I think what a garden looks like says a lot about the people who planted it. When you take away all the frills and do-dads, all that really remains is the love that is put into it. With each rose, with each tomato, with each hummingbird feeder, the love of the earth, and of all of us who live on it, reflects out from the garden to all who see it.

Isn’t that a great metaphor for life? When you strip away all of the fancy outer layers – the cars, the clothes, the makeup, the houses, etc – all that remains is the pure, authentic person underneath, and the core of each and every one of those authentic people is love. When we love ourselves full out, with no reservations or stipulations, the outer self blossoms. Our smiles are beautiful, our joy is palpable, and our thirst for life is contagious. When someone passes us on the street or sees us in a store, they are drawn to our energy like a bee to a flower. We don’t need all of those outer trappings that our culture says we need to shine. Self love has more power than a roof full of solar panels! A beautiful rose starts from the same kind of  seed as every other rose. Whether it grows or doesn’t grow only depends on the amount of love and attention it gets from Mother Nature and the one who planted it.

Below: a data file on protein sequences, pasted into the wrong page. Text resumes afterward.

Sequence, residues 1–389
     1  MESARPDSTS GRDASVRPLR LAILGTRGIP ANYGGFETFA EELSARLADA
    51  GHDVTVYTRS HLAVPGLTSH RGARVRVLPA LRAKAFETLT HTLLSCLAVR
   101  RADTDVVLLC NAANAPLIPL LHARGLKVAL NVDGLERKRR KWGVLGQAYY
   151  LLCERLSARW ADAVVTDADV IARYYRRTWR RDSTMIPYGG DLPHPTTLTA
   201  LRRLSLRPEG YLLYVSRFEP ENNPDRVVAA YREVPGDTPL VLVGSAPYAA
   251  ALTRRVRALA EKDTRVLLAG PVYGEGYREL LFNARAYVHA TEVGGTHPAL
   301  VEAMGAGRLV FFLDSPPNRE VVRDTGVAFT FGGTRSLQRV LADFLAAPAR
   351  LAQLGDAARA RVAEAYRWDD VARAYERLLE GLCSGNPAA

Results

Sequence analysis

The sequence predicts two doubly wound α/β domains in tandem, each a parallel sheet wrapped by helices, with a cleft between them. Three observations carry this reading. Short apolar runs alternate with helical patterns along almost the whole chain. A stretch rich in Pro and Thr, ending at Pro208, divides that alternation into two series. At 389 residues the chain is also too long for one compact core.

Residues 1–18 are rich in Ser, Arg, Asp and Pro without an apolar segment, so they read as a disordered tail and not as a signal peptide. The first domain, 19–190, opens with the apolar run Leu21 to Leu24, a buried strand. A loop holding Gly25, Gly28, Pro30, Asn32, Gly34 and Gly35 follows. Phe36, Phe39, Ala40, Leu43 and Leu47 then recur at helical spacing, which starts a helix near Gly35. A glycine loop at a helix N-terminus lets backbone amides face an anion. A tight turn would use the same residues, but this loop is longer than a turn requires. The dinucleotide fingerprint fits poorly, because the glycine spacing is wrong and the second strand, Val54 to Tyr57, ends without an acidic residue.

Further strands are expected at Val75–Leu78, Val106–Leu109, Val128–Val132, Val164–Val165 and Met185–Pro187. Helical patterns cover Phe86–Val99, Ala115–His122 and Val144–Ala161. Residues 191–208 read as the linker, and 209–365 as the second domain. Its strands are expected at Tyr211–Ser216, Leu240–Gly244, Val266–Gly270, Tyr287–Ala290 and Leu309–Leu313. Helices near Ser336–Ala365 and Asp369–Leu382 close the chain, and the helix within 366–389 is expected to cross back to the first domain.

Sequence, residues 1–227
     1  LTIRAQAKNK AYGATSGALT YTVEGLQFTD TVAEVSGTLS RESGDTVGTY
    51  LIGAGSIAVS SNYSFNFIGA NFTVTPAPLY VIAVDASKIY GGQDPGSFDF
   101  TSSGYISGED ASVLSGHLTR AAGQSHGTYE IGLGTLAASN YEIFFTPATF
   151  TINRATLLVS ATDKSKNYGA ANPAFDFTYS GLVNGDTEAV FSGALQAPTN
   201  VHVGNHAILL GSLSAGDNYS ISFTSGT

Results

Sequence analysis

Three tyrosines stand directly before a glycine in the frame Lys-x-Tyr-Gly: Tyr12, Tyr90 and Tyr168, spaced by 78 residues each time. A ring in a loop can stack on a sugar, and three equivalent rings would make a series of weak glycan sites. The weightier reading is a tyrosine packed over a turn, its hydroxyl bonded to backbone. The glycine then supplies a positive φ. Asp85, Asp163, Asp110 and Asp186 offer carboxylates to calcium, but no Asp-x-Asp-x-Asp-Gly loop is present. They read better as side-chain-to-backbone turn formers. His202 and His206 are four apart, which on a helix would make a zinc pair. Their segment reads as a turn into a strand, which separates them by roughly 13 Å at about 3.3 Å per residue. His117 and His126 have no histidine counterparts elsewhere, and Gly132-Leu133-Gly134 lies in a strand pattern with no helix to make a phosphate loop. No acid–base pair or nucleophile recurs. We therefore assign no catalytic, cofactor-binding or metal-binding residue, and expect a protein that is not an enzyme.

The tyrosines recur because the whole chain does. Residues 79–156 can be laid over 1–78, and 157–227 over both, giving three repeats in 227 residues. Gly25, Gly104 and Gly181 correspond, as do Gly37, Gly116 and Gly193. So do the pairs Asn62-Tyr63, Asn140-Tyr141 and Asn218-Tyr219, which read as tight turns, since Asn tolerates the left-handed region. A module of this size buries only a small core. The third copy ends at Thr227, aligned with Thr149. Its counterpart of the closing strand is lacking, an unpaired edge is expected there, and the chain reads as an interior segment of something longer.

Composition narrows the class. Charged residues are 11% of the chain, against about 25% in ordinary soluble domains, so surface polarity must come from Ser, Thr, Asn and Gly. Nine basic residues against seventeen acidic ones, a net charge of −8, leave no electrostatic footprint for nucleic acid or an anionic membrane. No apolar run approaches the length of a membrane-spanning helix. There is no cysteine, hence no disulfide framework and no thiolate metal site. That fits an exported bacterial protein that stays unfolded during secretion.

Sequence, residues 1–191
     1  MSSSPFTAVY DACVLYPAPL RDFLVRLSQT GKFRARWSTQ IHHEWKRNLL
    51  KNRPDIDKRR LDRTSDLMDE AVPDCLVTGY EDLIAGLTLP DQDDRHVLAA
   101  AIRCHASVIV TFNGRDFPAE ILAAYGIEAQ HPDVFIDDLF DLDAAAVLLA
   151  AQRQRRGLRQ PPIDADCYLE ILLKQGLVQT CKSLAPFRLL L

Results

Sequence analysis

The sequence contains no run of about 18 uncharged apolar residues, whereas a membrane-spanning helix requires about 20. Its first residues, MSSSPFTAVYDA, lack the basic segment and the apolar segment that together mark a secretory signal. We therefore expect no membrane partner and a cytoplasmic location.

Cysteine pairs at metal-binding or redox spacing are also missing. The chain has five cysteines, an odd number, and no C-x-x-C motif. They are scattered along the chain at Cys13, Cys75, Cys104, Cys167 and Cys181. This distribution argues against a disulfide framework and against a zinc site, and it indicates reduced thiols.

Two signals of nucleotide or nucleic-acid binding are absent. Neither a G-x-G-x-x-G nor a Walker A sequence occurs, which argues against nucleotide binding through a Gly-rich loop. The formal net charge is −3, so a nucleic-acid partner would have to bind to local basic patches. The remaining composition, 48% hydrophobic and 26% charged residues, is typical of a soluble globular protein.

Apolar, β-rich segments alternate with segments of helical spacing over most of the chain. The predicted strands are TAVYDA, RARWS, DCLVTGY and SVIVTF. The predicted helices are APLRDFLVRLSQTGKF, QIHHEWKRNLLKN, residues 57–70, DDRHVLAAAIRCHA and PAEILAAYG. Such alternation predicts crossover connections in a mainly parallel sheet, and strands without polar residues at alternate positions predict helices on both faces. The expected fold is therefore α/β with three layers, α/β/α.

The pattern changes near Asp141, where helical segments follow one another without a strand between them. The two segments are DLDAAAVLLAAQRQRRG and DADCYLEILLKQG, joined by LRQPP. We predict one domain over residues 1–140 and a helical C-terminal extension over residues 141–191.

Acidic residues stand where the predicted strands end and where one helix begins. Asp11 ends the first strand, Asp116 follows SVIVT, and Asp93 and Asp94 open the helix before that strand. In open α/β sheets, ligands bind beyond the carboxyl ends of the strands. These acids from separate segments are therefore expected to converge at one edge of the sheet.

So I guess my question for you is this: what are you planting in your inner garden? Are you loving all that good, rich soil in which to plant your field of dreams? Are you reaching for the sun with your face turned up in expectation? Or is your garden a cold copy from a magazine just like a hundred others? The love you give your inner garden will yield bounty in your outer garden beyond your wildest expectations!